The First Sermon’s Shadow: Nepalese artist Mahima Singh’s “Transcendence through Simplicity”

Anyone can be an artist. But to really make good art, it seems that by definition it has to be an emotionally charged activity, one in which the creator “invests” their interior being into an outer expression of beauty. Of course, there are classical definitions of beauty, and not only in the (still) Eurocentric halls of art history. Nepalese traditional art, paubha, has maintained a strict transmission of standards for the appearance of deities in thangkas. It is not so easy to impose universal definitions of beauty to contemporary art, such as installations and performance art. In a recent conversation with Nepalese artist Mahima Singh, she noted that contemporary art arrived in Nepal quite literally in contemporary times: as late as 1997 or 1998.

“I did my first performance art in a public space in 2007. People here are more familiar with street drama [a story with a clear narrative and message]. So, local people incorrectly think our performing art troupe is performing street drama but what we are doing is completely different, much more abstract, and they often get confused by what’s going on,” she laughs. Things are improving slightly with a growing interest in performance art, as well as courses now available at various art schools. But few artists currently practice it as their main thing, preferring to prioritize more financially secure components of their repertoire: in particular, painting.

The individual’s engagement and making peace with emotions seems to be especially important for her, whose “Transcendence through Simplicity” (2024) installation was showcased at the Kathmandu Art Biennale: Spiritual Edition. She used the medium of “shadow art,” with the materials drawn from discarded and repurposed clothes. Mounds of these old clothes were used to create, when their shadows are lit on the wall, anamorphic figures of the Buddha and his disciples during the first sermon at Deer Park, Varanasi.

“Transcendence through Simplicity” (2024). Image courtesy of Mahima Singh

“As shadows fade and change with the shifting of light, so too do our cravings for material goods, in pursuit of an elusive happiness, transform and wane over time,” noted Mahima. She attempted to communicate a philosophy of minimalism, showing that happiness can be found through simplicity. I would interpret her piece as using what seems to be merely daily cheap items into what the inner heart can understand as a profound message: the shadow of the clothes in the shape of the Buddha teaching his disciples.

Mahima likes to call herself an installation and performance artist. She has taken students to workshops that combine Buddhist philosophy with art, and visits different schools each month to teach contemporary art. Her journey into contemporary art parallels a deep and sometimes difficult engagement with her own emotions. Grief, sadness, anger, and many other negative emotions manifest when things do not go the way we want, and this can fall on a spectrum, from minor disappointments to catastrophic, traumatic events. She did not absorb the Buddha’s teachings in a visceral way until learning of the death of her sister during the 2015 earthquake, which levelled so much of Kathmandu.

“The earthquake was more than just a disastrous piece of news where over 9,000 people died. I feel it deep inside to this day,” she said, visibly hurt by the painful recollection. “It made me feel bad how the government and the media made everything about numbers, when among those 9,000 was my sister, with the rich life and personhood that I knew and loved. The same goes for all those other individuals.” In 2019, she exhibited in South Korea a series of acrylic numbers and resin cast sculptures, titled: “9000+ they are not just numbers.”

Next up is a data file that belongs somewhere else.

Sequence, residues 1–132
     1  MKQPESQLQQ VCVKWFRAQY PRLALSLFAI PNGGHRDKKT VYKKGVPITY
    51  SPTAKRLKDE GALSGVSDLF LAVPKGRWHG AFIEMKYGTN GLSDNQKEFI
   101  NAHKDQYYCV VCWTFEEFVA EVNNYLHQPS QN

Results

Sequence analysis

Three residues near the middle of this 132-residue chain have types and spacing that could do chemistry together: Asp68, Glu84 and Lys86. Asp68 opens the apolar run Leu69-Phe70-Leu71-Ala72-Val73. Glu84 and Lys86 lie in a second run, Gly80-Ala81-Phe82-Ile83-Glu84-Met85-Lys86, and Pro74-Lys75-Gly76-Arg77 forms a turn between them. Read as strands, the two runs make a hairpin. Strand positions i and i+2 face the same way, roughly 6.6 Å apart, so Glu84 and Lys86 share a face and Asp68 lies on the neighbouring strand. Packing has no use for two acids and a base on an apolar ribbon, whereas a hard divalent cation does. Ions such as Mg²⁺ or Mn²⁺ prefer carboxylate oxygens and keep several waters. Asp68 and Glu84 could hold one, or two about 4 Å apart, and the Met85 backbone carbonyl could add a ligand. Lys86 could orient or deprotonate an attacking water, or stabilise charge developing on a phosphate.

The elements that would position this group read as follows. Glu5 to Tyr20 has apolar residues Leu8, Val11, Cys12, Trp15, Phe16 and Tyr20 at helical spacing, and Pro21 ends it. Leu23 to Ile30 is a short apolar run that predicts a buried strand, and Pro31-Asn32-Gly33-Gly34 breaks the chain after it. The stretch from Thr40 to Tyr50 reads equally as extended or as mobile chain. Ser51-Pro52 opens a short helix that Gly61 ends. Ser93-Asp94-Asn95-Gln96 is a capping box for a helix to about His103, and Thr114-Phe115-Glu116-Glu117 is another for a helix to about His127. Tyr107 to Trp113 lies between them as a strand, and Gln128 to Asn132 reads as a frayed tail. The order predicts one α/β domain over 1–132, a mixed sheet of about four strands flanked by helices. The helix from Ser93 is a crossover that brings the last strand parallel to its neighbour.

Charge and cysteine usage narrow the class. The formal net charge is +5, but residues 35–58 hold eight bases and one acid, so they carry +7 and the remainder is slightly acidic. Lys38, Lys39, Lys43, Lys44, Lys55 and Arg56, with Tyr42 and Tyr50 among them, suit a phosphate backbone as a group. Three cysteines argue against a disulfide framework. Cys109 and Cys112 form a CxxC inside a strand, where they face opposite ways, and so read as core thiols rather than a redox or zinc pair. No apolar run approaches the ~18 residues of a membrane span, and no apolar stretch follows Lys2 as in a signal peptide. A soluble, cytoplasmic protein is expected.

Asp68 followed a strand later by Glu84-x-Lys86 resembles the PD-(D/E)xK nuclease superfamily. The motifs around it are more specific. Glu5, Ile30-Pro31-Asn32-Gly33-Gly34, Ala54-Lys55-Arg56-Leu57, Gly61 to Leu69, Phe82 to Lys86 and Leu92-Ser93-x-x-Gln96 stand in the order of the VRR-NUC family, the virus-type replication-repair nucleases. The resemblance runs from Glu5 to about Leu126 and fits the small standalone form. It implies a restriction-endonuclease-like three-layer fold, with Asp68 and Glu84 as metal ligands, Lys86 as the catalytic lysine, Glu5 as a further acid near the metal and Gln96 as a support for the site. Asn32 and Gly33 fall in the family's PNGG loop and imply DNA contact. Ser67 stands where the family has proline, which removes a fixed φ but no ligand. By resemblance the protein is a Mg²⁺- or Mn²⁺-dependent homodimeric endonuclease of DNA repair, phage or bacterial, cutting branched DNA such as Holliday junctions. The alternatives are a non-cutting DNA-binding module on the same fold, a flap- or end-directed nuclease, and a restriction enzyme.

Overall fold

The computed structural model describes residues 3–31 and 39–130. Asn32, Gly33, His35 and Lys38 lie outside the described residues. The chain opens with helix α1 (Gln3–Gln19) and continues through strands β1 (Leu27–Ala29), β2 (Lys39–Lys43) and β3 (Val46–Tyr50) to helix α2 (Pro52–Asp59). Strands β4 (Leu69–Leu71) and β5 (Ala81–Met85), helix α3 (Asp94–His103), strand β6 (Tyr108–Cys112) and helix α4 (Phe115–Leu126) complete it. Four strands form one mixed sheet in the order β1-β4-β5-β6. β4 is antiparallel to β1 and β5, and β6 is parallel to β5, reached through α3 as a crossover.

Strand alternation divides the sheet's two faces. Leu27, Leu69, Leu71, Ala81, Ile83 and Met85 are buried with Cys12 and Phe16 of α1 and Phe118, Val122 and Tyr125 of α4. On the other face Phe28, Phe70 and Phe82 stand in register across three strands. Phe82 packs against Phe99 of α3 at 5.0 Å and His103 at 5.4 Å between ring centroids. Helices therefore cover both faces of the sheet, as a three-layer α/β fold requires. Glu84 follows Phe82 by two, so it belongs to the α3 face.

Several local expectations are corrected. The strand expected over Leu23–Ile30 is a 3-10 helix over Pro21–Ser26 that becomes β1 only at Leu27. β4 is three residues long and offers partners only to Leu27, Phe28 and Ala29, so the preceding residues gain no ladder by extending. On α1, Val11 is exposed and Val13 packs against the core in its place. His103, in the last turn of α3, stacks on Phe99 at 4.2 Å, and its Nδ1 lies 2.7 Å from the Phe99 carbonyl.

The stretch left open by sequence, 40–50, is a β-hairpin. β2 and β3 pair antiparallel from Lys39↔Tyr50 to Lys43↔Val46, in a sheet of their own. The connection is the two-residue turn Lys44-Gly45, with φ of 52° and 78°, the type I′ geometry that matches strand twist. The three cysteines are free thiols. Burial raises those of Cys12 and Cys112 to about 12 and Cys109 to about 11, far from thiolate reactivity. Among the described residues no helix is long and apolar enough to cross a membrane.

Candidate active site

Deputy Mayor of Kathmandu, Ms. Sunita Dangol, observes with Mahima the artist’s “Mythical Kathmandu (2023) at the Nepal Art Council. Image courtesy of Mahima Singh

Mahima and her husband currently run a center for artists. Called Vikalpa, which means “alternative” in Nepali, it promotes non-mainstream art (non-painting and installation) but must rely on international funding, which by its nature is not very regular. “Individual effort isn’t enough. It must come from the government with a bigger vision for art,” she said. “If that happens, there might be many individual artists and funders that feel motivated to contribute to this field. But so far, our overtures to the government remain in vain due to a lack of funds, with our requests for funding being sometimes answered on a project basis by various foreign embassies that appreciate our efforts, such as the Swiss.”  

Her next exhibit is going to be in March, at Dzongsar Khyentse Rinpoche’s Licchavi House in Baudha. “My installation art is another expression of impermanence. I find the concept of impermanence very important to understand in life. When we get attached to transient things, we suffer. Of course, this becomes tricky to apply to daily life.” And she is correct. The greatest challenge of Buddhism is possessing this knowledge about things as they are, tatha, yet our emotions and attachments pull us to behave in ways that are not congruent with those realities. “The shadow of impermanence seems heavier these days in my artworks.” Her experience of loss, and her ongoing journey in that context, surely has universal echoes.

See more

Creativity rises from the rubble of Nepal’s 2015 earthquake (Nikkei Asia)
Mahima Singh: Dancing to the tunes of Buddha’s lessons in pursuit of beauty in life (Online Khabar)

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